Baggs, Chris. "'In the Separate Room for Ladies Are Provided Those Publications Specially Interesting to Them': Ladies' Reading Rooms and British Public Libraries 1850-1914." Victorian Periodicals Review 38.3 (2005): 280-306.
I read the article via Project Muse.
This is an interesting little article of library history. The author states that "this article will examine how some Victorian and Edwardian public libraries targeted one specific group, female readers, making serials available to them via dedicated reading rooms" (280). I found it interesting to learn about these separate rooms, and I found even more interesting the assumptions that went along with creating such rooms. This was mostly a British phenomenon. The U.S. did not have these.
- "Reading rooms were warm, dry and free at the point of use, and, whereas an individual had to be a registered member of the library to borrow books, everyone had unrestricted access to the reading rooms, leading to substantial usage" (281). This is something that survives to this day. Here in the U.S., a person can walk into pretty much any public library and read anything there, periodicals included, free of charge. Folks likely need a library card to check out items, but the reading on location is free. What has changed is the presence of the Internet. Sure, libraries can provide free access, but there have to be some restrictions in place, likely due to security issues and a limited number of resources. I mention the Internet because much of the serials reading now happens online from blogs to magazines to news to periodical indexes with full-text capabilities. This may be like the Victorians reading their serials, but it certainly not unrestricted access. These days, I would venture to say that given the issues, such restrictions are not bad but rather fairly reasonable.
- The separate reading rooms "consisted of a specially designated ladies' reading room, giving women their own physical space in which to read the newspapers, journals, and magazines provided for them" (282). More on the rooms' content later. At this point, the author observes that these rooms were usually more lavish so as to meet the needs of the "fairer sex."
- And why were these rooms needed? For one, "partly so that women readers would not be exposed to the less than salubrious atmosphere of the general newsroom and/or reading room" (283). It makes a reader like me wonder what exactly were they doing in the main reading room. Here's one answer: "This was where the library's undesirables, their 'loungers and loafers,' were likely to congregate" (283). Again, I think about today when we would label some of those folk as problem patrons or with a few other choice labels. And no, I am not going into the debate of a library as a social service agency. I believe in common sense: a patron disrupts the library and the other patrons or workers, and he or she should be escorted out of the facility. Pure and simple. However, the rationale back then gets better, for "it was felt that the library's female readership should be spared the unpleasantness of mixing with them, presumably implying that women were unlikely to be 'loungers and loafers' themselves" (283). Apparently it was fine for the guys to mix in with the unpleasantries; heck, guys were probably unpleasant more often than not. How things have changed given that a "lounger or loafer" can be of either gender.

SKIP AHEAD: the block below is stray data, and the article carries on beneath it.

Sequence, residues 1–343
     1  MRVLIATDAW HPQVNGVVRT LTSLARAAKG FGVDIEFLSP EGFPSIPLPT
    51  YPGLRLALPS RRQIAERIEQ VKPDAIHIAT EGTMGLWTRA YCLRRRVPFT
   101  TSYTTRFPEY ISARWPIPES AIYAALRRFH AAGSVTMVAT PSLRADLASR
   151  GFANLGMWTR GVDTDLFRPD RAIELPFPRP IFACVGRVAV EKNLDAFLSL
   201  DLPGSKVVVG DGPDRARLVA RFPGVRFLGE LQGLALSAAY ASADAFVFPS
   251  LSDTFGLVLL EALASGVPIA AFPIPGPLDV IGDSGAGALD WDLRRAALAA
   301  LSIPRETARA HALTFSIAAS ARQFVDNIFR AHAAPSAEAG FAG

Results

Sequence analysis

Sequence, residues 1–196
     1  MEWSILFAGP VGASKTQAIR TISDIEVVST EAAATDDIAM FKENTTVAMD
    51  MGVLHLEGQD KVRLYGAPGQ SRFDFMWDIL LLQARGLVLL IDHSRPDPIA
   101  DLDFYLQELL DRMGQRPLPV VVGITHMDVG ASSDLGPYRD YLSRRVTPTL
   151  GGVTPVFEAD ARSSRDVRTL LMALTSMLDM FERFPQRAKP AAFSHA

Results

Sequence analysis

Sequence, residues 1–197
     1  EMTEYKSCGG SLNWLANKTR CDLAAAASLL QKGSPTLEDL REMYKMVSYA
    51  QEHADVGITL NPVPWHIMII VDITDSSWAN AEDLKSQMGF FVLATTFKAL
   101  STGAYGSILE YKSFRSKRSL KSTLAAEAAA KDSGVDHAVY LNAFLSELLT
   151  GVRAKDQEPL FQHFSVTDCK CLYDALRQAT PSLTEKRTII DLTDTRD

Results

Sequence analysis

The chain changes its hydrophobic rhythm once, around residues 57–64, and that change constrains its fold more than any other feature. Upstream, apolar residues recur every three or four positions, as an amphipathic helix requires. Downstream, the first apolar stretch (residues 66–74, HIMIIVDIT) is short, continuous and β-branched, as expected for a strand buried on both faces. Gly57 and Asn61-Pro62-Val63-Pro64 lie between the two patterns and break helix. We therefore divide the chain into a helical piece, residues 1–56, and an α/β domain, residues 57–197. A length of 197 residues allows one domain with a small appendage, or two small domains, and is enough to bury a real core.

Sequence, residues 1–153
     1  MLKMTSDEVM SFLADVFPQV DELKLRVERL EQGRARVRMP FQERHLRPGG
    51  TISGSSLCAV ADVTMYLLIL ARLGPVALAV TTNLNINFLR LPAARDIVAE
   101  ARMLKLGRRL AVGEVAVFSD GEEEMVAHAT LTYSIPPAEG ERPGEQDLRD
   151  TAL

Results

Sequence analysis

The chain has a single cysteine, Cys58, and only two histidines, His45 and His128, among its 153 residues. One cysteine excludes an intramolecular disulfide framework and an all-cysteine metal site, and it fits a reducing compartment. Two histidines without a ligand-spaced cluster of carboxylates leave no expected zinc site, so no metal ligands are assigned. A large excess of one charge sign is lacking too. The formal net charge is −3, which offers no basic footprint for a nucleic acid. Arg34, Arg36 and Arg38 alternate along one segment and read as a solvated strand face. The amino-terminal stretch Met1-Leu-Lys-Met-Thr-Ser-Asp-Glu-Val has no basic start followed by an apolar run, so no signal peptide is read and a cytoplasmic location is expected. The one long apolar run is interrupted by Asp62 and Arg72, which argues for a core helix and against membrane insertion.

- More reason to have separate rooms for the ladies, and this one was my personal favorite. "Some librarians even felt that certain behaviour exhibited by women in public libraries necessitated a separate area, where they could gossip without disturbing the more serious reader and also be more effectively controlled" (283). I think this speaks for itself.
- It is necessary to note that most public libraries back then were run by men. This "means that the stock in ladies' reading rooms was normally chosen by male chief librarians and represented what they thought their female readership either wanted or should have" (284).
Another interesting detail for me was the role of donations. In essence, the ladies' reading rooms often got "hand me downs" of serials donated by the public. However, donations overall were very important to public libraries in this period, constituting "between 40% and 50% of public library periodical collections" (287). Can you imagine if public libraries today had to depend on public donations to provide up to 50% of their periodicals? Yet, back then, this was normal.
So, what types of serials were found in the ladies's rooms? Pretty much what one would expect given how women were viewed at the time including fashion, temperance publications, and home-oriented items. "What was almost universally missing from ladies' reading rooms are the heavyweight review journals and the more serious literary social and cultural magazines. . ." (290).
Over time, the value of these rooms declined, and libraries gradually closed them down. The reasons were various, but one reason that stood out was the desire of some libraries to provide children's facilities. The rising social emancipation of women also helped to close the rooms down. The process of closing these rooms was mostly gradual. The author concludes that more research is needed and that these rooms, at least for a time, allowed for more women to use libraries. Baggs writes, "it may prove the case that the provision of a ladies' room regularly extended choice by increasing the number of ladies' journals available to them, including donated titles and other types which otherwise were unlikely to have been bought by the library's clientele" (297). So it was not a perfect system, and yet for a brief time, it may have done some good. The article as a whole provides a look at a part of library history and a glimpse into the Victorian Era. It includes various appendices of periodical lists and an extensive set of references.